Although this picture has been historically dated to 1915, recent scholarship by Alfred Weidinger, Michaela Seiser and Eva Winkler reveals that Klimt probably painted Litzlberg am Attersee in the latter half of 1914 whilst at his studio in Vienna. It is believed that the format for this composition is based on a bromide postcard of the Attersee lake which the artist had sent to his nephew on 13 August 1914. Both the present work and that photograph feature a narrow band of water and the lakefront houses in the foreground, set against the massive swell of the wooded hillside, with only a sliver of sky visible at the top-right edge of the composition. The buildings along the shore have been identified as the houses surrounding a brewery and the Mayr farm, and can also be seen in a related composition entitled Litzlberg, painted in 1914.
Klimt builds up his vision of the town through a bold mosaic of tessellated colors, the cool blue and green tones punctuated by the bright orange of the roofs. As in many of his later works, here Klimt used strong outlines and geometric shapes, under the influence of Schiele's townscapes of Krumau. The effect is one of a flattening-out of the landscape, creating a richly textured surface that nevertheless retains great depth in its subtle modulation of color. The houses are depicted frontally, and appear to be stacked on top of each other, rising in a dramatic, vertiginous perspective. In this surface patterning, Klimt's Litzlberg am Attersee is perhaps inspired by the folk tapestry and stained glass window techniques in which German and Austrian artists took a keen interest in the first decades of the twentieth century.
This work once formed part of one of the most important early collections of Klimt's work, that of the Austro-Hungarian iron magnate and collector Viktor Zuckerkandl (1851-1927, fig. 7) and his wife Paula. Viktor Zuckerkandl and his siblings were among the greatest patrons of the arts in turn of the century Vienna, and the couple acquired several masterpieces, including the present work and Kirche in Cassone, directly from the artist. They were members of the circle of intellectuals, writers and collectors that included luminaries such as Ferdinand and Adele Bloch-Bauer, August and Serena Lederer and Gustav Mahler. Viktor was also a patron of the Secessionist architect Josef Hoffmann, from whom he commissioned the Wiener Werkstätt architectural masterpiece, the Sanatorium Purkersdorf (fig. 5), which Viktor founded and ran on the outskirts of Vienna. Hoffmann also designed the brass frame of the present work. Paula Zuckerkandl was painted by Klimt in 1912, in a monumental oil that was probably destroyed during Second World War.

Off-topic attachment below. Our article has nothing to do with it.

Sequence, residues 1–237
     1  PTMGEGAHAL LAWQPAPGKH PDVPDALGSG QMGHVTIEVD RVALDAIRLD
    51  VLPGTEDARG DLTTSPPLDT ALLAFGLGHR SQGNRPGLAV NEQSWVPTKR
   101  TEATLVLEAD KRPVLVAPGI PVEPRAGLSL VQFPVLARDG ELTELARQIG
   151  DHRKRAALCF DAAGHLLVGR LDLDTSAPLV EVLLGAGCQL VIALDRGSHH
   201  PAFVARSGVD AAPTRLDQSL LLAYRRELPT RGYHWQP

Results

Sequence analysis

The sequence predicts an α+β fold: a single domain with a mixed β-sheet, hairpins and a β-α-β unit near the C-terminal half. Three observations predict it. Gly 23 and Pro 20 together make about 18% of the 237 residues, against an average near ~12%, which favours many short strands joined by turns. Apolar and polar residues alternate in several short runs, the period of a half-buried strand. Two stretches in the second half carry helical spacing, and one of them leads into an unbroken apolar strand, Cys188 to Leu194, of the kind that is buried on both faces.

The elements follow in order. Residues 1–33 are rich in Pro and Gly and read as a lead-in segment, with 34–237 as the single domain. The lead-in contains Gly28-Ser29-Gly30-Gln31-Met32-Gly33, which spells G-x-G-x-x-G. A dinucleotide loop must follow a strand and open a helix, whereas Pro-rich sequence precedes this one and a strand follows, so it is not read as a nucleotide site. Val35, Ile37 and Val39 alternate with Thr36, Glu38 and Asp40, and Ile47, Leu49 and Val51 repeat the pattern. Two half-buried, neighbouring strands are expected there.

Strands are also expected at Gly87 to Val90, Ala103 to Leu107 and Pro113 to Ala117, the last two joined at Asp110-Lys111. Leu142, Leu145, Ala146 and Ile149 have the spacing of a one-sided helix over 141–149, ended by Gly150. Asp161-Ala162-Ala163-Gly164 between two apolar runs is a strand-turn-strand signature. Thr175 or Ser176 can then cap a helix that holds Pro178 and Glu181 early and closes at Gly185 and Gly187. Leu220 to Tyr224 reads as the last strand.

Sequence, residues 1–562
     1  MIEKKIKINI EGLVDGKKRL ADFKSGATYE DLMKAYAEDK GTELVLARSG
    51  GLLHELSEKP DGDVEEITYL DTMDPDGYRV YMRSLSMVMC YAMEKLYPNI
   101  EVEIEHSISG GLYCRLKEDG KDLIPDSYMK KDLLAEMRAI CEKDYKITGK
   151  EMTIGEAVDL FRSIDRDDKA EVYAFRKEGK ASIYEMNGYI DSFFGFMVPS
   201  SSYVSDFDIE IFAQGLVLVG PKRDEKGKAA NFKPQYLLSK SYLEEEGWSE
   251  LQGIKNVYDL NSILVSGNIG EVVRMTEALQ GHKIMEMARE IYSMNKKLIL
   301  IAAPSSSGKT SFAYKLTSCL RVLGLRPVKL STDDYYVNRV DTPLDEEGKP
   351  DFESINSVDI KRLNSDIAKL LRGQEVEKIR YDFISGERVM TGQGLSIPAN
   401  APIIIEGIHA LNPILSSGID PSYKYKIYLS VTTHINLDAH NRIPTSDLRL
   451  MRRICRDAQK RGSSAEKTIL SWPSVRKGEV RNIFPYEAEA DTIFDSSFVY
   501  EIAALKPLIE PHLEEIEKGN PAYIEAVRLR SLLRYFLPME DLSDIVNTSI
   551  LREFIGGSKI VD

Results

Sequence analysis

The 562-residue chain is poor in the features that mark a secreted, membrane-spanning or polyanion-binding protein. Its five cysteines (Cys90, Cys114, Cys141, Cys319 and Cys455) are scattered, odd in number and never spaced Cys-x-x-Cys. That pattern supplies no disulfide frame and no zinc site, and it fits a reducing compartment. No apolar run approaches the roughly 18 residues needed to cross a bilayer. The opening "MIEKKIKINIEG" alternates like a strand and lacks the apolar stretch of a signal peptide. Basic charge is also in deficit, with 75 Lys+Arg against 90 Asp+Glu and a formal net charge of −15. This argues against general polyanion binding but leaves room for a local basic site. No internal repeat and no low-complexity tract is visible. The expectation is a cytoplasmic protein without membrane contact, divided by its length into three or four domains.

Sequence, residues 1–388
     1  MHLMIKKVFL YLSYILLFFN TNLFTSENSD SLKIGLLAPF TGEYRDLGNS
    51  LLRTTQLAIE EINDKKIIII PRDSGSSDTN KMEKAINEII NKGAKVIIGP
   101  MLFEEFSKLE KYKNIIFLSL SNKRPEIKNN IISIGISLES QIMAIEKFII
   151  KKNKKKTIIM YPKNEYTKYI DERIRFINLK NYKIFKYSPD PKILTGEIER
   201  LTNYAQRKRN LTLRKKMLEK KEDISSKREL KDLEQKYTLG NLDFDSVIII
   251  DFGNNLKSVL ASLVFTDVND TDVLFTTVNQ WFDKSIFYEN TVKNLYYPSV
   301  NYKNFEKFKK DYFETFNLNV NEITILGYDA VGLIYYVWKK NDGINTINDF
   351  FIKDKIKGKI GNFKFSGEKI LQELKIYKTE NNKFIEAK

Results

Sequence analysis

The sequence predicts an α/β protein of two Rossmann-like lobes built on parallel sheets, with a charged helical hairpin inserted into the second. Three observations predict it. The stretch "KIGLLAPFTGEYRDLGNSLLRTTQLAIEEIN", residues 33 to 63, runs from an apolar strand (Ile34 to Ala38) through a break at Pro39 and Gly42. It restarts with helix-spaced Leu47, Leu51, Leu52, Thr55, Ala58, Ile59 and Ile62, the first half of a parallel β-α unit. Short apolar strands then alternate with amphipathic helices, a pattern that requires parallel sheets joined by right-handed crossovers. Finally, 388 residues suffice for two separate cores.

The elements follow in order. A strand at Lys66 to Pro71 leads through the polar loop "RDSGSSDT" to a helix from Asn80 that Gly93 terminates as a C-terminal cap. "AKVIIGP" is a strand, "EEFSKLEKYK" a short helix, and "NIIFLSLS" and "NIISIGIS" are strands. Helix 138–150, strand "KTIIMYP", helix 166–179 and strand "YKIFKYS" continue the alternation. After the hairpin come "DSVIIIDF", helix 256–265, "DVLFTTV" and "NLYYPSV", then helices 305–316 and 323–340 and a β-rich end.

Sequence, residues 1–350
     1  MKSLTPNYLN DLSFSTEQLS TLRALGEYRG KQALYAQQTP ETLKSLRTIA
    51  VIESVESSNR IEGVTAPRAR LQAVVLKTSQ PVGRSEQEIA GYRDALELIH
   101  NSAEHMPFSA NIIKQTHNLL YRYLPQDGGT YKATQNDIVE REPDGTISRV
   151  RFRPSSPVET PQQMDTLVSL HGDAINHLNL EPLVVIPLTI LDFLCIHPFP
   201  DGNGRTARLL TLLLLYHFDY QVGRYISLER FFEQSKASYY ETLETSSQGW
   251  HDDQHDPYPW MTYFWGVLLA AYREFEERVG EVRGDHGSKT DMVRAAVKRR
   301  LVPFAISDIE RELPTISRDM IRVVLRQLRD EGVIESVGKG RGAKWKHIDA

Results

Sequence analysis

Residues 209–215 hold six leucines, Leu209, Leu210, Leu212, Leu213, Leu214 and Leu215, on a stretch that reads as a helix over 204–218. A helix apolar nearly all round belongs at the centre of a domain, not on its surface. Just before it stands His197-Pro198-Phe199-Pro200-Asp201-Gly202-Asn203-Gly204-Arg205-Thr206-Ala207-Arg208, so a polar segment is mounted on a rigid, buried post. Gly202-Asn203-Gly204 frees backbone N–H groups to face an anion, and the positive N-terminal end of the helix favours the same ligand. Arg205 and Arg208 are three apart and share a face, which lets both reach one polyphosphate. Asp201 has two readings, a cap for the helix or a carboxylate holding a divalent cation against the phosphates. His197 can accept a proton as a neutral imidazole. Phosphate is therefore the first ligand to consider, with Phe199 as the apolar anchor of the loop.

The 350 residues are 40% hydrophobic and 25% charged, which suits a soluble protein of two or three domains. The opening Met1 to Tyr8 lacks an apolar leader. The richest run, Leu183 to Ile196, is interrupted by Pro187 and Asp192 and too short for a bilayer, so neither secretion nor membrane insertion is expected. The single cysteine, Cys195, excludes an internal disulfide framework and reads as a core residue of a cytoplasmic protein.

When the Zuckerkandls died childless in 1927, part of their extraordinary collection was sold and the remainder passed onto his extended family. Litzlberg am Attersee entered the collection of Viktor's sister Amalie Redlich, who, together with her daughter Mathilde, was deported to Lodz in 1941 and never heard of again. Since 1944, Litzlberg am Attersee has been in collection of the Residenzgalerie (Museum der Moderne, Rupertinum) of Salzburg, who ultimately returned the painting to Amalie Redlich's heir in the spring of 2011. A portion of the proceeds from the sale of this magnificent picture will be donated to the museum in Salzburg to build an extension that will be named in Redlich's honor.